Asian Bistro

By Candace Nelson - 12:00 PM

I saw the sign for Asian Bistro pop up a few weeks ago in Northpointe Plaza, next to Club 24 Fitness. It's from the same owners of China One. One day, while out and about, I stopped there and asked the construction workers when it would open. They told me two weeks. Ever since, I've been keeping an eye on it.

On Friday, I got word that it was the restaurant's opening day. There even had a sticker on the Dominion Post advertising so. I grabbed a friend and headed that way.

I luckily was able to snag a copy of the menu beforehand and studied it. First off, when calling something an "Asian" bistro, it's tricky. Asia is a giant continent full of lots of countries. And there are a ton of different cuisines located there. I don't think we put that in perspective as Americans and sometimes see "Asian" food as Chinese food. And, that's embarrassing. So, I was hesitant about what the menu would entail.

The menu could use a healthy dose of organization. I had studied it beforehand and still had a great deal of trouble. There's a page called "Asian Cuisine," which is pretty non-helpful category. It ranges from chilean seabass, to Bangkok Beef, to Bulgogi, to Kalbi, to sizzling Mongolian Beef. My suggestion would be to separate these by the type of cuisine. They boast Chinese, Japanese, Korean, Thai and Vietnamese - SHOW us where each of these dishes is from (similar to Asian Garden). Other pages included "Hibachi Dinner" and "Entrees from the Kitchen" and "Sushi" and "Noodle" and "Rice Dishes." That doesn't make any sense to me. It is difficult to navigate, and you don't really know what you're eating without that organization. I do like the variety here; I just wish I could fully enjoy it.

That being said, I love the location - tons of parking and not too far from my apartment. The interior is gorgeous. It looks upscale, romantic and modern. There's a bar and sushi bar and mood lighting that softly rotates colors. Our server sat us quickly, took our drink orders and filled our glasses with water.

I wanted to try something that I had an idea of how it's supposed to taste; that way, I can have something to compare it to. That led me to the pad thai. It's $10 for tofu and vegetable, $12 for chicken and $14 for beef or shrimp. I went with the chicken pad Thai, as well as a California roll. Just ordering this made me wonder how they were going to do it: They need a sushi chef, as well as someone experience in Thai cuisine. Image a "European Bistro" and expecting the chefs to execute a Spanish dish, as well as a French dish. There's just a good bit of difference here.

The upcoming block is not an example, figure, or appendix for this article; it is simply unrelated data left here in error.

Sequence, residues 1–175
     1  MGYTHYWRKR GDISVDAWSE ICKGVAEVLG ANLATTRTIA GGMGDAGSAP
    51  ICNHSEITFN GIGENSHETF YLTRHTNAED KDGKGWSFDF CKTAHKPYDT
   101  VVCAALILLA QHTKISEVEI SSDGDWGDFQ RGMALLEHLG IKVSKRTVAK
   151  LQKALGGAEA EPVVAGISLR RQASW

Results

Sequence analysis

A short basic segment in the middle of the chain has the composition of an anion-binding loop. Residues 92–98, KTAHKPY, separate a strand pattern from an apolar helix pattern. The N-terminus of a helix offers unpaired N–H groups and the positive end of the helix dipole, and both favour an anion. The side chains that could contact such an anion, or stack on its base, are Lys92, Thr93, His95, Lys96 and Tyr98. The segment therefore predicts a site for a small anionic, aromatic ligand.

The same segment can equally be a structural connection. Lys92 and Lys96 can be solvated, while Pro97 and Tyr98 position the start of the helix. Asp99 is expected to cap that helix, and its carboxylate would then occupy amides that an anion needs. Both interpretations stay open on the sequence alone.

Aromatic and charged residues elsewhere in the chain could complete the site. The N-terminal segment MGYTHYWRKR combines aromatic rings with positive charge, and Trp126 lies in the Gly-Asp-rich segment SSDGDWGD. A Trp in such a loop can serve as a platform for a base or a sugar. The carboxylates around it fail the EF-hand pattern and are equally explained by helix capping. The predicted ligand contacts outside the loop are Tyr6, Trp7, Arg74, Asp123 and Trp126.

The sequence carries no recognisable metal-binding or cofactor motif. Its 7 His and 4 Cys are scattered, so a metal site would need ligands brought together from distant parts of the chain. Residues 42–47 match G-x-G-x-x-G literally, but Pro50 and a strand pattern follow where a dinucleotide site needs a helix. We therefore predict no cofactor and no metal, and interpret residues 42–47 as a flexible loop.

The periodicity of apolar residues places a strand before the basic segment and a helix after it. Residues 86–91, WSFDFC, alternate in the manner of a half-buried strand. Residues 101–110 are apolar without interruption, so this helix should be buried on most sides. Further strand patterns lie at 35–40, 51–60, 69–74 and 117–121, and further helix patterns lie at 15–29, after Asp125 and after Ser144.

Our server kept adding and taking away things from our table. When I ordered, she went to grab for the water glass, but I told her we still wanted water, too. When my friend ordered only sushi, the server grabbed her silverware from the table, as well as the dish it was sitting in. It was just odd - that kind of thing is fine to leave until the end. It was kind of distracting.

Finally, our meals came out. Their timing isn't quite right yet. My friend got hers a few minutes before my meal came out, but that's the kind of thing you work out after opening day. The presentation was quite appealing, but the taste wasn't quite as good. My overall thought was "Meh." California rolls were okay. Not tons of flavor. I added even more wasabi than usual to compensate for that lack of taste. My friend wasn't crazy about her sushi, either. The pad thai was fine, but kind of bland tasting. It lacked that sweet spiciness I've come to love from Chaang Thai. It needed more flavor, more ... something. It was just okay. And there were a lot of onions - some are okay, but I wanted more noodle and less crunch for my buck. When we were finished, they brought us a sliced orange.

So far, I've paid about $20 for a meh dish, so I thought trying dessert might help amp up this meal. The server was adamant about the tempura ice cream (kind of like the Mexican dessert - fried ice cream?), even telling me to get it without solicitation. You can get chocolate or vanilla, so I went with vanilla. My friend got the fried banana & ice cream (but I just realized, she actually didn't any ice cream? Just the banana...). My ice cream was great - light, fluffy tempur covered a frozen ball of french vanilla ice cream, topped with chocolate sauce, caramel sauce, sprinkles, whipped cream and a cherry. I like the crunchy cone, essentially, wrapped around a creamy decadent dessert. The banana was tasty - a fried banana, essentially. I love the coolness of the ice cream, though, with the fried. It was great.

Since it was opening day, we also got a gift set, which was really nice. Unfortunately, they only gave us one. I let my friend have it.

Overall, though, it was a pretty hefty bill for mediocre food. However, since there is such a variety here, another dish could be excellent. I just haven't found it yet. I do know one that I won't get again, though.

Grade: C
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  1. My husband and I just moved to Morgantown three weeks ago and were pleasantly surprised to find so many independent restaurants. We typically don't go to chains and enjoy discovering something new and unique. I happened on your blog a week or so ago and have really enjoyed getting a glimpse into the Morgantown restaurant offerings through your eyes. Thanks for your great reviews. We know we will enjoy trying out some of the great food that Morgantown has to offer.

    1. Hi Valerie! Welcome to town! Morgantown is fortunate to have a good bit of local restaurants; there are constantly new ones popping up, too! Thank you for the kind words. The blog has become a labor of love, and I enjoy every moment of it. Keep in touch - let me know which restaurants you're liking!


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